Thankful for Farmers 

On Thanksgiving Day in 1986, the Green Bay Packers defeated the Detroit Lions 44-10, a Kermit the Frog balloon was floated in the Macy’s Thanksgiving Day Parade for the tenth time (to celebrate the Muppets’ 30th birthday), and a Thanksgiving dinner for a family of ten cost just $28.74, according to the American Farm Bureau Federation (AFBF). A lot has changed since that Thanksgiving in 1986. For example, there are now three NFL games played on Thanksgiving Day, Goku from the anime series Dragon Ball makes his balloon debut in the Macy’s Thanksgiving Day Parade this year, and a Thanksgiving dinner for ten will cost $48.90.


Ever since 1986, the AFBF has calculated the cost of Thanksgiving dinner every year. For consistency, the AFBF’s menu has remained the same over the years—a 16-pound turkey, 14 ounces of stuffing, 3 pounds of sweet potatoes, a dozen brown rolls served with butter, 16 ounces of peas, 12 ounces of cranberries, a vegetable tray consisting of half a pound of celery and half a pound of carrots, and two pumpkin pies made from 30 ounces of pie mix, two pie shells, half a pint of whipping cream, and a gallon of milk.

A notable change since the AFBF began tracking the cost of Thanksgiving dinner is the percentage of every dollar spent on Thanksgiving that ends up in farmers’ pockets. In 1980, farmers received 31 cents out of every dollar spent on food. Today, farmers receive less than 15 cents per dollar—hitting a record low in May of this year—with the rest going to wages, processing, marketing, transportation, and distribution.

This year, a Thanksgiving for ten will net farmers just $7.34—a small amount for the enormous effort that is required to deliver the staples of a traditional Thanksgiving Day dinner. While many of the nation’s farms are facing difficult economic challenges—tariffs, low commodity prices, and increased expenses, just to name a few—the cost of food is lower than ever before. In fact, the inflation-adjusted cost of a turkey dinner is as affordable as its been in a decade, and is more than 20% cheaper today than it was in 1986.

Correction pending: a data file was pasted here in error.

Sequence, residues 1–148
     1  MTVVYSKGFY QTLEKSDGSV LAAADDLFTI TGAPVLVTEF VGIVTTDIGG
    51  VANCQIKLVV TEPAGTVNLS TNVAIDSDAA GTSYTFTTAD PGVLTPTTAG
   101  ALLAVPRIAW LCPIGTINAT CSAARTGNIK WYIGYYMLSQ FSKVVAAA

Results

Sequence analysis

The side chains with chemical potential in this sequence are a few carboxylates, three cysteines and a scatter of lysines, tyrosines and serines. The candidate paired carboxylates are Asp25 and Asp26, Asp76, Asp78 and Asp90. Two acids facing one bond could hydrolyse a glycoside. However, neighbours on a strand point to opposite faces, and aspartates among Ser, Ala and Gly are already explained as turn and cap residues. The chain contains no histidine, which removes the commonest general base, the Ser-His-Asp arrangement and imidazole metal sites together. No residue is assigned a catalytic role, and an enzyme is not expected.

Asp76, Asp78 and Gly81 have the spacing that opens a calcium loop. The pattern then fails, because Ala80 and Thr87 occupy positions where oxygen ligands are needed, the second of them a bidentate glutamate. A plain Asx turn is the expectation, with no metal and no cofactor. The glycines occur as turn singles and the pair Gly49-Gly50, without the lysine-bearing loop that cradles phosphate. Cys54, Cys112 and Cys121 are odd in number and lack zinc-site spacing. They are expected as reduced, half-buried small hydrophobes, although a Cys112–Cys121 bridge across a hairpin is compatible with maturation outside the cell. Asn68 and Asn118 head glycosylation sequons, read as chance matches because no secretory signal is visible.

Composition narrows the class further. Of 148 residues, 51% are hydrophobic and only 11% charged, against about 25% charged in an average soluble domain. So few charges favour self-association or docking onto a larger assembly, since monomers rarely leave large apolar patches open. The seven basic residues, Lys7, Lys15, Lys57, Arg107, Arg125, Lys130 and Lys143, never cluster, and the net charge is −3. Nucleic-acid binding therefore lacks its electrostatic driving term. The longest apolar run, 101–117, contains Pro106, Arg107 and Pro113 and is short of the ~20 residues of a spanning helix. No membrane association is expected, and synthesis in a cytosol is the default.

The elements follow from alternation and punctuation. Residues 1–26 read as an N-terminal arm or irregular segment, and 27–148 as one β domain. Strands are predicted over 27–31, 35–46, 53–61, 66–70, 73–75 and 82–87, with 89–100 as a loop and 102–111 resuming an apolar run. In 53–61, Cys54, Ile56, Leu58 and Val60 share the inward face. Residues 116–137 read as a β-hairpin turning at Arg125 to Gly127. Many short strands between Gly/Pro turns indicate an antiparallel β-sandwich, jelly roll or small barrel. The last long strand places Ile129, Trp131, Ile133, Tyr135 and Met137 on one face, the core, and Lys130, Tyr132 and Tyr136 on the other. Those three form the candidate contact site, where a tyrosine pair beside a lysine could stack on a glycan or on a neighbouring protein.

In spite of the challenges, one thing that has remained the same over the past 32 years: the ability of U.S. farmers to deliver a safe, affordable, and abundant food supply. Looking for something to be thankful for while sitting down to the table this year? Just think how fortunate we are that for roughly $50, a family of ten can share a Thanksgiving dinner. That’s approximately $5 per person!

This year, we’re thankful for the farmers who continue to bring bounty to our tables. As we’re enjoying seconds of pumpkin pie this Thursday, we’ll look around the table and be amazed how well fed our friends and family are, all for about the cost of an Amazon Echo Dot—one of this holiday season’s top tech gifts.

Download our Farm Tire Buyer's GuideWe're committed to making tires that solve the real-world challenges facing today’s farmers—which includes overcoming the shrinking amount of money farmers receive from every dollar spent on food. We design our farm tires to help farmers increase their productivity and efficiency, to reduce soil compaction and increase yield, and to lower fuel costs. Most importantly, we deliver this in a tire that an everyday farmer can afford. It's our small way of thanking the farmers who keep us fed, clothed, and fueled.